[Rohit] doesn’t name the web site that he scraped the score from, but there are two good reasons for that. Firstly, this hack relies on his office not blocking it, and secondly, many web sites frown on web scraping like this, as doing it too often can overload their servers, and you obviously don’t see the ads that the site is running. So, it is a technique that should be used with some caution. That aside, this is a great example of a stealthy way to display information that you want to track, but without obnoxious (and obvious) alerts popping up on screen. And, given that cricket games can often go on for several days, that’s a good way to keep track of the game you love and keep your job.
Need a little primer on web scraping? Check out this guide.
The nice thing with having a hacker cred is that family and friends are always on the lookout for stuff they think might be useful to you. [Craig Hollabaugh]’s son-in-law found an inspection camera and thought it would be handy for his hobby work. The MagniSight Explorer was first introduced in 2001. It is good for surface mount board work and inspection, except that its analog 480p video is quite dated by today’s standards. So [Craig] upgraded it for crystal clear 1080P/30 video and 5 megapixel images using a $35 Raspberry Pi 2 and a $26 Raspberry Pi Camera Module. After the upgrade, the unit is now a great tool for SMT rework.
There’s not a lot to the upgrade, but [Craig] gives a nice rundown in the 15 minute video of the MagniSight’s internals. He shows us the original analog camera module and its video card, which is able to do some additional processing like black and white output and reverse video (negative). As he mentions, it would be easy for him to do the same via software on the Raspberry Pi. A video camera lens takes care of magnification and two shafts coupled to it via flat belts (rubber bands?) take care of zoom and focus. A front coated mirror angled 45 degrees in front of the lens turns the optical path 90 degrees to allow the lens/camera to “look down”. After experimenting a bit to find the correct focal spot behind the lens unit for the Raspberry Pi camera, he covered the camera module with insulation tape and then just glued it to the old camera mount. After hooking it up to an HDMI monitor, the results are quite nice and he reckons he can easily work with components down to 0402 in size.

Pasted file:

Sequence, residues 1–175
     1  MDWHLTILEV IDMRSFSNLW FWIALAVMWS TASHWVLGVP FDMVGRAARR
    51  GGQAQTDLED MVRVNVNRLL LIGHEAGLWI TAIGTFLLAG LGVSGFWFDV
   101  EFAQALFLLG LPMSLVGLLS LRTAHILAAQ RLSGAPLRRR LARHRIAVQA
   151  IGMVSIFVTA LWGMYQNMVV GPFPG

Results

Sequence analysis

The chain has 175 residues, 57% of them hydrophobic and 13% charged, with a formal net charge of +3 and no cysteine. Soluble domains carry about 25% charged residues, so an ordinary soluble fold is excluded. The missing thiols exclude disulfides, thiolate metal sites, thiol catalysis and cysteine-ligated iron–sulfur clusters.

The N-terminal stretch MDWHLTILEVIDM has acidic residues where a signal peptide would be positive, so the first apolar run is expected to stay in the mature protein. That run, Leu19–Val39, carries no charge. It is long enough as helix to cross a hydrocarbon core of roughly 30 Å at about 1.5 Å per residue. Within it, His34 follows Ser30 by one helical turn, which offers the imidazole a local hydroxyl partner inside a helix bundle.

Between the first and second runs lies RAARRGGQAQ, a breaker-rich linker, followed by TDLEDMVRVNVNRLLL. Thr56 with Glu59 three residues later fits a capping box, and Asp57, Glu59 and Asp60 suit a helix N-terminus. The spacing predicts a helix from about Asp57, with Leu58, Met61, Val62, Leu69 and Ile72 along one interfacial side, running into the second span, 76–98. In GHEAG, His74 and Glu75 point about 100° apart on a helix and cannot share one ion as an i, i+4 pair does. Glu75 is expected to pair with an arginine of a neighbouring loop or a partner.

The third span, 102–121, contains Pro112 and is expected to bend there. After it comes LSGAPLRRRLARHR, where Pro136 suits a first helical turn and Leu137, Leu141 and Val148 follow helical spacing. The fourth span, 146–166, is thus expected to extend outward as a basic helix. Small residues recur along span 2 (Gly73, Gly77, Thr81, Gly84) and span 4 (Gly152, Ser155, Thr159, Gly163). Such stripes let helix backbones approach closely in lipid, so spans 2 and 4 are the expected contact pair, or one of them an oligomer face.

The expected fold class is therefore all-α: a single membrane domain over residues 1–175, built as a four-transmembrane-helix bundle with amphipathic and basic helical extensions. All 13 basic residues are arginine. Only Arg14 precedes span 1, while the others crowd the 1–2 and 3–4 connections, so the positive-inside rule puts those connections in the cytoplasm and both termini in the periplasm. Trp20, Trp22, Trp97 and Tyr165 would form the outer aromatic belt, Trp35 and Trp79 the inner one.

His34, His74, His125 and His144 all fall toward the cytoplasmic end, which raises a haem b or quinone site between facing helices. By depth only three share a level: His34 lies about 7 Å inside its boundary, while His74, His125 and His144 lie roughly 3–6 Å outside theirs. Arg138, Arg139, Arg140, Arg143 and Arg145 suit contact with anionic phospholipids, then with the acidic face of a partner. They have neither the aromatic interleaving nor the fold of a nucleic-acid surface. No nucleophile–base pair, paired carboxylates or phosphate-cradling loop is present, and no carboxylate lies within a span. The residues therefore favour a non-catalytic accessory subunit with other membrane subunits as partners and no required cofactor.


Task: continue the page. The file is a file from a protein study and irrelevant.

He’s got a couple of more upgrades in mind to make the system even better. He plans to replace the existing compact fluorescent lamps with a string of LED’s which will provide more uniform illumination. Plus, he can control their brightness, and selectively turn them on or off to get the optimum lighting. The other interesting upgrade would be to add stepper motors to the X-Y translation stage and automate their movement. After looking up a board file and its BoM, he may even be able to search for a part designator and move the stage to bring the part into focus.
Continue reading “Junked Inspection Camera Given 15-Year Face-lift with Raspberry Pi”